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Frederick Douglass Playground

Frederick Douglass Playground

This text is part of Parks’ Historical Signs Project and can be found posted within the park.

This playground is named for Frederick Douglass (1818-1895), celebrated African American abolitionist, orator, author, and statesman. Frederick Douglass Playground is located on Amsterdam Avenue between 100th and 102nd Streets.  In 1954, the City of New York acquired this parcel via condemnation for the benefit of the nearby Frederick Douglass Houses. The playground opened on September 10, 1958 and the Board of Estimate transferred the property from the New York City Housing Authority to Parks in August 1962.

In 1998, Frederick Douglass Playground received a renovation that included the installation of modular play equipment and safety surfacing as well as the repair of handball courts. In 2008, the aboveground swimming pool was replaced with a more attractive in-ground mini pool. Additional renovations to the playground include new curbs and sidewalks, World’s Fair benches, and new plantings throughout. The playground also features a handball court, turf athletic field, basketball court, comfort station, playing field, three basketball standards, swings, and camel play sculpture.     

Frederick Augustus Washington Bailey (1818-1895) was born in Tuckahoe, Maryland. The son of a slave named Harriet Bailey, Frederick spent his early years on Aaron Anthony’s plantation.  Following his master’s death, Frederick was sent to Anthony’s son-in-law Hugh Auld, who lived in Baltimore, Maryland. While in Baltimore, Frederick was introduced to reading and writing by other slaves. Although literacy among slaves was illegal, Frederick developed a passion for the written word and educated himself by reading abolitionist literature. In 1834, Auld sold Frederick to a rural farmer in Talbot County, Maryland, who was a notorious “slave-breaker.” After four years of abuse and one unsuccessful escape attempt, Frederick managed to run away to New York City during 1838. Frederick viewed his escape as a rebirth and so changed his last name from Bailey to Douglass.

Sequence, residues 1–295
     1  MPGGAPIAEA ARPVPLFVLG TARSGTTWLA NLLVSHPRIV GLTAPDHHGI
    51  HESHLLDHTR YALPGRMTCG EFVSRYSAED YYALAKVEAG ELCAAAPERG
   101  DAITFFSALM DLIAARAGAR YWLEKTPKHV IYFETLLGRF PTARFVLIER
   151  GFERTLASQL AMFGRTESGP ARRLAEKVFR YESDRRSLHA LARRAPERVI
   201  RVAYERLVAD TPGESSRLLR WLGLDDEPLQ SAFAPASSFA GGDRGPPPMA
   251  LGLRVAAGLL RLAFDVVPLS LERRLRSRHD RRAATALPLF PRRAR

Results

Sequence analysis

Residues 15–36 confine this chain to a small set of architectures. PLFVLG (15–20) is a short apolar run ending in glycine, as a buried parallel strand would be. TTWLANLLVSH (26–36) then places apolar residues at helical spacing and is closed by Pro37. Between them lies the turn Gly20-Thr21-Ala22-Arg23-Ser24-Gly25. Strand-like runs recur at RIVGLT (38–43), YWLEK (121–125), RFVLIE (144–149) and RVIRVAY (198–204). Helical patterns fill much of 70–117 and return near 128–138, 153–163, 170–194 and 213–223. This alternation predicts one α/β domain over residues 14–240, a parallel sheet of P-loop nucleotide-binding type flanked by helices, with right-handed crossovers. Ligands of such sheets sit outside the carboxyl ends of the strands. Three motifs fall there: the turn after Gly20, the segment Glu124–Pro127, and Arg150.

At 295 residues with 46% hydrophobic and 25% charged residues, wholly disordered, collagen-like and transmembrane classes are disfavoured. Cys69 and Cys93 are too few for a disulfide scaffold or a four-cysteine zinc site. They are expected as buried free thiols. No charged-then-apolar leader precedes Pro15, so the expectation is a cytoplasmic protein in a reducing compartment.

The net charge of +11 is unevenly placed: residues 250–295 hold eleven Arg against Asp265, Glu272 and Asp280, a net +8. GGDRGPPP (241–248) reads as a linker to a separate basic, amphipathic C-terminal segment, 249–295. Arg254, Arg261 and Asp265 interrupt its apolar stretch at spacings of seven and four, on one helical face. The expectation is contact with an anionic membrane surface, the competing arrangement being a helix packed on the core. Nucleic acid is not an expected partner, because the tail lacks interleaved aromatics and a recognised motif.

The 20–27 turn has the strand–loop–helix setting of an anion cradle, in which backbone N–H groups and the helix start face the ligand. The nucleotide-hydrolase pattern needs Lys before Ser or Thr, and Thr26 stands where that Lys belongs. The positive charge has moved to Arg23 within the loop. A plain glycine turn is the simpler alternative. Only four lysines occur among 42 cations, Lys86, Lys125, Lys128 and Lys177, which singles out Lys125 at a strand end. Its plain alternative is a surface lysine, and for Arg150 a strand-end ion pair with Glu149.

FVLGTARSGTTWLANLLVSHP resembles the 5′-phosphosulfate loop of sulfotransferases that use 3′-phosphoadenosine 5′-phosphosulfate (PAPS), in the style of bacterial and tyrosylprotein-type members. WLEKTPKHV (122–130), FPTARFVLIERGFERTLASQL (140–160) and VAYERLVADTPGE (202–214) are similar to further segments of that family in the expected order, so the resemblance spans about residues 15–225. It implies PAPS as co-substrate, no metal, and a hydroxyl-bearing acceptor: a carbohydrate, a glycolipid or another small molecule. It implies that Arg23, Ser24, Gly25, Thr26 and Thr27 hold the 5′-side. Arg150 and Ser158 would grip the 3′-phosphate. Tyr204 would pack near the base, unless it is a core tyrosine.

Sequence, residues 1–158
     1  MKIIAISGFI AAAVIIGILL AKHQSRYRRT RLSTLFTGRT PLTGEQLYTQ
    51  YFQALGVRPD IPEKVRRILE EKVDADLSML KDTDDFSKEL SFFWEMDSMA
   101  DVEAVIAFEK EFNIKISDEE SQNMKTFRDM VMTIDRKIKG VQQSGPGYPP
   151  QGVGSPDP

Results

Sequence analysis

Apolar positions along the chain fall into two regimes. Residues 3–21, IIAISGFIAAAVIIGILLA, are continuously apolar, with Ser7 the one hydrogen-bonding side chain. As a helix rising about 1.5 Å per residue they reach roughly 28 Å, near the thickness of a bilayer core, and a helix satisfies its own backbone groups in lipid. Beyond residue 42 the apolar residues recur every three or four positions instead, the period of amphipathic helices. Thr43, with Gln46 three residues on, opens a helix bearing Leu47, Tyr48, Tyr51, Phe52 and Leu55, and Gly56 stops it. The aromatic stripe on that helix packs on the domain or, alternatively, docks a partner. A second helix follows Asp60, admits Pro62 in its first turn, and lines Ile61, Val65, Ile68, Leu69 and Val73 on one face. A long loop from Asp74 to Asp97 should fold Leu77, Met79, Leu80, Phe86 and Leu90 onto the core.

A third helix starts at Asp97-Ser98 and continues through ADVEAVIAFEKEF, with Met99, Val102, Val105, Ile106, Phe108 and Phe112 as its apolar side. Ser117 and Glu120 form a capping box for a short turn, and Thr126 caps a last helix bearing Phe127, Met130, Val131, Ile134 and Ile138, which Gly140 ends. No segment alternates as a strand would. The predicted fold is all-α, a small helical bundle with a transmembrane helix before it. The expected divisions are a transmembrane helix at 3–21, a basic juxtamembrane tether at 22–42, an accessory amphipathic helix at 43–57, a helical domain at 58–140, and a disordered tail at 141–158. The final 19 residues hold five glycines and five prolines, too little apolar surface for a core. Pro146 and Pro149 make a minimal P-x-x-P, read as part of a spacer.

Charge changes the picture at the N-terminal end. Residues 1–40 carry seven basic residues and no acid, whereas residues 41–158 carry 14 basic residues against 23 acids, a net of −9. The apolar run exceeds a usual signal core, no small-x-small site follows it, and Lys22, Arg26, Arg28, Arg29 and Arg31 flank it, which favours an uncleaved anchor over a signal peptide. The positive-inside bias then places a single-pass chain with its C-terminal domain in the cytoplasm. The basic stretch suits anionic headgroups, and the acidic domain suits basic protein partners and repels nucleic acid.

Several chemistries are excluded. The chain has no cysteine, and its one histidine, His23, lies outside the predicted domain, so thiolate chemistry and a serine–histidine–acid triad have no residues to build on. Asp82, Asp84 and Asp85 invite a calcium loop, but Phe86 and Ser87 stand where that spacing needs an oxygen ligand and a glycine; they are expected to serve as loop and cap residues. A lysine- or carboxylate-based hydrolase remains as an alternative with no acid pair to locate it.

In 1838, Douglass married a free black woman from Maryland named Anna Murray. The couple settled in New Bedford, Massachusetts, where Douglass became involved in the African Methodist Episcopal Church. Within the congregation, Douglass preached abolitionism. In 1841, the renowned abolitionist William Lloyd Garrison witnessed Douglass delivering a riveting, heartfelt anti-slavery speech in Nantucket, Massachusetts. Garrison immediately enlisted Douglass as an abolitionist lecturer. By 1843, Douglass had become well known throughout the Northern United States for his fiery and credible oratory.

At Garrison’s urging, Douglass wrote an autobiography entitled Narrative of the Life of Frederick Douglass that was published in Boston in 1845. The publication proved to be a mixed blessing. Although the book sold thousands of copies, it publicly identified Frederick Douglass as an escaped slave subject to the Fugitive Slave Act, which required the return of escaped slaves. Fortunately, while lecturing in Britain, Douglass encountered several prominent abolitionists who purchased his freedom. 

Douglass continued to use writing as a way of spreading abolitionist messages. In 1847, he served as publisher for the abolitionist periodical North Star. Eight years later, he completed his second biography entitled My Bondage and My Freedom. During the 1850s, Douglass supported John Brown’s raid at Harper’s Ferry, Virginia, and backed Abraham Lincoln’s presidential bid. In 1872, he moved to Washington, D.C., where he lived with his wife until her death ten years later. That same year, Douglass controversially married a white woman named Helen Pitts.  Douglass completed his final work, The Life and Times of Frederick Douglass in 1892.  He died shortly after returning home from a meeting of the National Council of Women in Washington, D.C, in 1895.               

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